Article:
Exploring how the U.S. military can move beyond Iraq and Afghanistan
Since the September 11, 2001, attacks, the U.S. military has been fighting incessantly in conflicts around the globe, but with inconclusive results. The legacy of this long involvement in war without end includes a military that is bitter and frustrated. The public is disinterested. The national security apparatus seeks to pivot away from these engagements and to move on to the next threats—notably those emanating from China and Russia. At best there are ad hoc, unstructured debates about Iraq or Afghanistan. Many young Americans question whether it even makes sense to invest in the military. Simply put, there has been no serious, organized stocktaking by the public, politicians, opinion leaders, or the military itself of this inheritance.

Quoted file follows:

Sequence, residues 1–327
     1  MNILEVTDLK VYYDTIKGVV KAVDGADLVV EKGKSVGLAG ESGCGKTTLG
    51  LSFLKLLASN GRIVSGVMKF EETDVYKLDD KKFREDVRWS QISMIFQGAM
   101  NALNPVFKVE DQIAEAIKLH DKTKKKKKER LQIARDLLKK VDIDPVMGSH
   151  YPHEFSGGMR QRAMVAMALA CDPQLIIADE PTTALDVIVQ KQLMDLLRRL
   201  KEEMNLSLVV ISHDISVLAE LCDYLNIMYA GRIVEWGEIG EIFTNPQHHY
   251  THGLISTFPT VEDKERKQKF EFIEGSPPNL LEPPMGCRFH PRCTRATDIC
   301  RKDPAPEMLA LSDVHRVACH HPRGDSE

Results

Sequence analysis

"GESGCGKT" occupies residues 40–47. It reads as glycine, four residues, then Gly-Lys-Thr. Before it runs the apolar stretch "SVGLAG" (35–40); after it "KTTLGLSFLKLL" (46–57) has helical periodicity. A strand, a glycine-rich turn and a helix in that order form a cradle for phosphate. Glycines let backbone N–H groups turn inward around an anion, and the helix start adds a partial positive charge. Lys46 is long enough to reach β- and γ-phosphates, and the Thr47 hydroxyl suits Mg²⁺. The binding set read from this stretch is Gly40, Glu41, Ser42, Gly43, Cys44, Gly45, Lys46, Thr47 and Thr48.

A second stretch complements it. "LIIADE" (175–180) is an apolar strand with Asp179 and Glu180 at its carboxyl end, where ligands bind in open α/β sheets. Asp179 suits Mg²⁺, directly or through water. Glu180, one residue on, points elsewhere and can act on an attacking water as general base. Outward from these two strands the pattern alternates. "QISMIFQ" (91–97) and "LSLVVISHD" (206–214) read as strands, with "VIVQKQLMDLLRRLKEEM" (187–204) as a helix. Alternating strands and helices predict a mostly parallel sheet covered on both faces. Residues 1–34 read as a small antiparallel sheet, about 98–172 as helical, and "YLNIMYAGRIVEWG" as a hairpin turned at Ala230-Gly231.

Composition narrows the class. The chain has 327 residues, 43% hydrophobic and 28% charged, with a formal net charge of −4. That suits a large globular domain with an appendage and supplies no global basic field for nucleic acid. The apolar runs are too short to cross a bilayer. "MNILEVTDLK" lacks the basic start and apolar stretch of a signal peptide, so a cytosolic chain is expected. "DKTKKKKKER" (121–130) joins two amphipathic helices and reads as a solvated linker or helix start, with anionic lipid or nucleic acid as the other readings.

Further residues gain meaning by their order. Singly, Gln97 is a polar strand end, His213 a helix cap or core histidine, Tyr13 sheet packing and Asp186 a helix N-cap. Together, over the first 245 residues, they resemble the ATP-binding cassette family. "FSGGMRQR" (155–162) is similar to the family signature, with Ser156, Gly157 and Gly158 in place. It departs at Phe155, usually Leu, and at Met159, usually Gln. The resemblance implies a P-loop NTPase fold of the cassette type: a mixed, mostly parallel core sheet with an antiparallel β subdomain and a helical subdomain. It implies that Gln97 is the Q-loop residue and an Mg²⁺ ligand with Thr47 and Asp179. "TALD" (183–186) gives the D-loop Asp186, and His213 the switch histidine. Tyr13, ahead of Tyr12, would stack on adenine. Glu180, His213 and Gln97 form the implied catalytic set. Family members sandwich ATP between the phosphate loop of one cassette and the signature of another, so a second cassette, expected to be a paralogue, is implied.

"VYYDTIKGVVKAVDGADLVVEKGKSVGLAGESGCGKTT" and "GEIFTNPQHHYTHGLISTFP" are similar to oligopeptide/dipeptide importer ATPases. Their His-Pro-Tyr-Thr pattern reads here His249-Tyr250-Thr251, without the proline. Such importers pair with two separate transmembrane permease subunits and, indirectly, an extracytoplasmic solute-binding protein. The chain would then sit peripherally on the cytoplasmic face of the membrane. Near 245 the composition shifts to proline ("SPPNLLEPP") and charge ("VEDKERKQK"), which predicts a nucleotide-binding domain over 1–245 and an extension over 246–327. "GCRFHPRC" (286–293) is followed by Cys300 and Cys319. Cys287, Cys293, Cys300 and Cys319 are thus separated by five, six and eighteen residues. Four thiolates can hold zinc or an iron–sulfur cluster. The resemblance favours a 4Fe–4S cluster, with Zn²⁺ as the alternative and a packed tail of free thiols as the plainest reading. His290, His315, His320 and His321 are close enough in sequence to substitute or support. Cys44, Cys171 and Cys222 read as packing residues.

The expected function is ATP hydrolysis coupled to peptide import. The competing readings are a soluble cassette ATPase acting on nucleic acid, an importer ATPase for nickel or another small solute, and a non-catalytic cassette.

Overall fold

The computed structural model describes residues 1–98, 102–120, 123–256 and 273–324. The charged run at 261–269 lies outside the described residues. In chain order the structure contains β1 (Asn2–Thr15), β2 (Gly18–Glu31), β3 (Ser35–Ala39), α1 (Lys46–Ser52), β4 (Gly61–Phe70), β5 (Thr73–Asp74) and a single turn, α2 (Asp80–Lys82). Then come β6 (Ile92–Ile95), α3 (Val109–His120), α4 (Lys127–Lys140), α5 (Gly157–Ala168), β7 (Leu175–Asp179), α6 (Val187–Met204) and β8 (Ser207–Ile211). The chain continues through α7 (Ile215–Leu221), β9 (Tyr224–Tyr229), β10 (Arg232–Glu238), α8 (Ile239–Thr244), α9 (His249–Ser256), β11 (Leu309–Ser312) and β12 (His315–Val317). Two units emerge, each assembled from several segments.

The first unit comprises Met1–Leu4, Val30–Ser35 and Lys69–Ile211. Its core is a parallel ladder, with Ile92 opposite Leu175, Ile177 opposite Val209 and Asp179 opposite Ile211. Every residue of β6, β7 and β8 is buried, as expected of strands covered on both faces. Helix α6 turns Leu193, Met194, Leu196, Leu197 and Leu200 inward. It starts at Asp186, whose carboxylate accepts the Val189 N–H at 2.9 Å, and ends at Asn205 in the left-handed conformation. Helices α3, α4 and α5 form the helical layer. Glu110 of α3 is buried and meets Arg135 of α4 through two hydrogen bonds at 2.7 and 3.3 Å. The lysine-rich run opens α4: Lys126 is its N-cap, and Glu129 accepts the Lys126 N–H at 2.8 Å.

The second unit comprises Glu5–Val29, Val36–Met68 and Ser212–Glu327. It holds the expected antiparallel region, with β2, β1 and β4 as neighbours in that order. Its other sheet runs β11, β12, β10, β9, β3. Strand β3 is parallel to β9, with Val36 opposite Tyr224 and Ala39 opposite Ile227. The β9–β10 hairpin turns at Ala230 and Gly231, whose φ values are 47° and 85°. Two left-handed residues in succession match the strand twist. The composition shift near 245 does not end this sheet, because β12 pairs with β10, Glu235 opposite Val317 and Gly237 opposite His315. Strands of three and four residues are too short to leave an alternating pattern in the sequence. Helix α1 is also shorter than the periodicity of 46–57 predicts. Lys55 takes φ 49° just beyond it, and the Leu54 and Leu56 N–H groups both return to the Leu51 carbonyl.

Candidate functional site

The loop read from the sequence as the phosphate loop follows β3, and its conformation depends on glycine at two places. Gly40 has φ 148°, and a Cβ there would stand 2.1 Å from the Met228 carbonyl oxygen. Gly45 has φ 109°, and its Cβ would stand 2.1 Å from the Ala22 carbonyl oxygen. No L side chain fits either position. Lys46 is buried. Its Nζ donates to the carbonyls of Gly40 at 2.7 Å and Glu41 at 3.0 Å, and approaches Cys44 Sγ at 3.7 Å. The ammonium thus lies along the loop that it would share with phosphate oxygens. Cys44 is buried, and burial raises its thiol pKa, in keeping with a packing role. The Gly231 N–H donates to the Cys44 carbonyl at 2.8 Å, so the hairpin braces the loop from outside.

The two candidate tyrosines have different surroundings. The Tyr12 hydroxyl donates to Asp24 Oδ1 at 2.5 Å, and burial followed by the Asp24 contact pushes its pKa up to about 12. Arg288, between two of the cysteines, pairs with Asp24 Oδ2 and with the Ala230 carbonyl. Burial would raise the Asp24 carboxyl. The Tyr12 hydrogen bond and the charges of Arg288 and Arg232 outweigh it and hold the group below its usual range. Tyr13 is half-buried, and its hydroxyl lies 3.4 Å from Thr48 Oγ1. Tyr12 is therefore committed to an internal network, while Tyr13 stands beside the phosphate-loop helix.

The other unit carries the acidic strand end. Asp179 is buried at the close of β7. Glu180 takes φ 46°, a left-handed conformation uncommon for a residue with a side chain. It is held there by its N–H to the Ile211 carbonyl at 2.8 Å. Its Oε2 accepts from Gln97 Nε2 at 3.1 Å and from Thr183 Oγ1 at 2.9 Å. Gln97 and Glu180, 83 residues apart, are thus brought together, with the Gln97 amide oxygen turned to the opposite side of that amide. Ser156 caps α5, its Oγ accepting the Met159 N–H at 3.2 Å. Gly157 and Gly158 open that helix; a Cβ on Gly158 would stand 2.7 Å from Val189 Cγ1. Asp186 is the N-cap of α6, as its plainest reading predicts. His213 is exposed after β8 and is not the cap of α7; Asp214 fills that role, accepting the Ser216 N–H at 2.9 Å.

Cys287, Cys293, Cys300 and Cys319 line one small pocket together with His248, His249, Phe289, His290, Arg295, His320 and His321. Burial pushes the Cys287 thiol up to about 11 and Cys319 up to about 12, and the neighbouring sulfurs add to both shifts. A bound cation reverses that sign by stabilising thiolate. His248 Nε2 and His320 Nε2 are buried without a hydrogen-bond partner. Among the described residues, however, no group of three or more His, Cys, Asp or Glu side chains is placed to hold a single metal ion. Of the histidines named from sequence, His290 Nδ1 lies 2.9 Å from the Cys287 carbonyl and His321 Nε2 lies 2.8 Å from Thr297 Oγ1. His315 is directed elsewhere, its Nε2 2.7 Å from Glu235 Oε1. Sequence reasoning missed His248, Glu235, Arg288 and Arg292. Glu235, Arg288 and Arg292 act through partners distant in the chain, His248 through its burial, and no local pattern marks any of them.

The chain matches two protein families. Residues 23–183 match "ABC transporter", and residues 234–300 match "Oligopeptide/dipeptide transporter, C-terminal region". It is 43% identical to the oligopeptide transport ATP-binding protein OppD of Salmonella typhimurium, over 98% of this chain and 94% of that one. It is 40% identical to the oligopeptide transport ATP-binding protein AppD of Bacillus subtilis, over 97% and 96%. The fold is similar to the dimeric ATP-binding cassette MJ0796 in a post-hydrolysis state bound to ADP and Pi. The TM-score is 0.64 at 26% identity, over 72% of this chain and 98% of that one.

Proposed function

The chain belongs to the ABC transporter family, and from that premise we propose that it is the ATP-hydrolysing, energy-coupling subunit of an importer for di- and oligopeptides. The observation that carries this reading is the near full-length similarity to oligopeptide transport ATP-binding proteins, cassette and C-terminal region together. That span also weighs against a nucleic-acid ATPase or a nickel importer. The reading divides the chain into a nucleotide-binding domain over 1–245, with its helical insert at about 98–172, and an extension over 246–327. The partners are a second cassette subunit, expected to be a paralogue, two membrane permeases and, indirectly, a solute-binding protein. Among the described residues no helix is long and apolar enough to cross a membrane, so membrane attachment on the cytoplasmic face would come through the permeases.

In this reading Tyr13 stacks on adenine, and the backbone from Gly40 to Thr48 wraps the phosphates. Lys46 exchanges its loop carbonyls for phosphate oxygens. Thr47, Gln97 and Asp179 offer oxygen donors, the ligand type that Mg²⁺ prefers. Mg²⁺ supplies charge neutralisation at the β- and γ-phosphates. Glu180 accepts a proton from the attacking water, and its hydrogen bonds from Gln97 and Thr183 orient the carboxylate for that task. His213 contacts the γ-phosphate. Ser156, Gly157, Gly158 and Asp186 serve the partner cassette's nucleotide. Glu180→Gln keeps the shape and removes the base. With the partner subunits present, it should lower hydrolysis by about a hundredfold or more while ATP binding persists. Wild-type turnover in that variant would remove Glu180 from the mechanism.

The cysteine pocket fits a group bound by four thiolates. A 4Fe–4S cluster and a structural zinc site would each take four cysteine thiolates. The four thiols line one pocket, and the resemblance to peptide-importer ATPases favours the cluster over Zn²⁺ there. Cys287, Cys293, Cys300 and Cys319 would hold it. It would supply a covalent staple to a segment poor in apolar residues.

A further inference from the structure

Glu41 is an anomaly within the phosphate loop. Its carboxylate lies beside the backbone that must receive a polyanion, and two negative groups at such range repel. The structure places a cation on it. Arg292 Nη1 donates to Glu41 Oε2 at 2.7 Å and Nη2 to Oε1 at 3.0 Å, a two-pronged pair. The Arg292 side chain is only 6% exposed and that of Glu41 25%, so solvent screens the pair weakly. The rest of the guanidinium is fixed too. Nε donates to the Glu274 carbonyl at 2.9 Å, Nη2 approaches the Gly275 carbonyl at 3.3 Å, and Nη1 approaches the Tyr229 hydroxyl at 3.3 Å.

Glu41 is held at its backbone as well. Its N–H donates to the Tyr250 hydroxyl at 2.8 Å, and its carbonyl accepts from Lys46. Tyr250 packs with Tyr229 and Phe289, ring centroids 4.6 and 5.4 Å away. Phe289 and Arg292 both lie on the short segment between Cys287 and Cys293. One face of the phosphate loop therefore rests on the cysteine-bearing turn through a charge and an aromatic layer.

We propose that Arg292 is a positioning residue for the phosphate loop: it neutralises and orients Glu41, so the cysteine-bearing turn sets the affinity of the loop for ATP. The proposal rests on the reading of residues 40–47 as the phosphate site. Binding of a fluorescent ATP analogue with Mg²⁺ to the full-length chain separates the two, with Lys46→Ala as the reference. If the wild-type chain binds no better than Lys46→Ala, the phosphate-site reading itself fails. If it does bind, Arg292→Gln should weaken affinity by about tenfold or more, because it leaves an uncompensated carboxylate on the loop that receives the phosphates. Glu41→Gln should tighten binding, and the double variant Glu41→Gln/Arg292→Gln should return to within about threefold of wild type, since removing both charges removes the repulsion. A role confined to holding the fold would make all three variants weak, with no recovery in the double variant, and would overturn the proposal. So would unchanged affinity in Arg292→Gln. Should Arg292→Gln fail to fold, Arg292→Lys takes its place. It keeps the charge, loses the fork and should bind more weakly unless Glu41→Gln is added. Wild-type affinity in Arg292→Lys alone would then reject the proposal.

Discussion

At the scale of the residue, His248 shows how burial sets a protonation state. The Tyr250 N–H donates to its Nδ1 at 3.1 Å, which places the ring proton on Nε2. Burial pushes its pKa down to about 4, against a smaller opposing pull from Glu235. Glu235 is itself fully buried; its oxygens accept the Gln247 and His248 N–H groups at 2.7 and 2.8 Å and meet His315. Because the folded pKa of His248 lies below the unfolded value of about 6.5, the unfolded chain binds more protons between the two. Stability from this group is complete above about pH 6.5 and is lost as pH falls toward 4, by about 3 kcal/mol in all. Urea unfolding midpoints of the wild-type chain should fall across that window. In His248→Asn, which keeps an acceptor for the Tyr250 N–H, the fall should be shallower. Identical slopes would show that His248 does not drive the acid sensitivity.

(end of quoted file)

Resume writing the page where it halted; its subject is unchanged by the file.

Despite its lengthy warfighting experience and high-technology weapons, the military is woefully unprepared for future wars because of this conflicted legacy and uncertainty about the future security environment. But the United States cannot simply hit the reset button. If the U.S. military seeks to win in the future, it must acknowledge and reconcile with the inheritance of its long and failed wars. This book seeks to help them do so.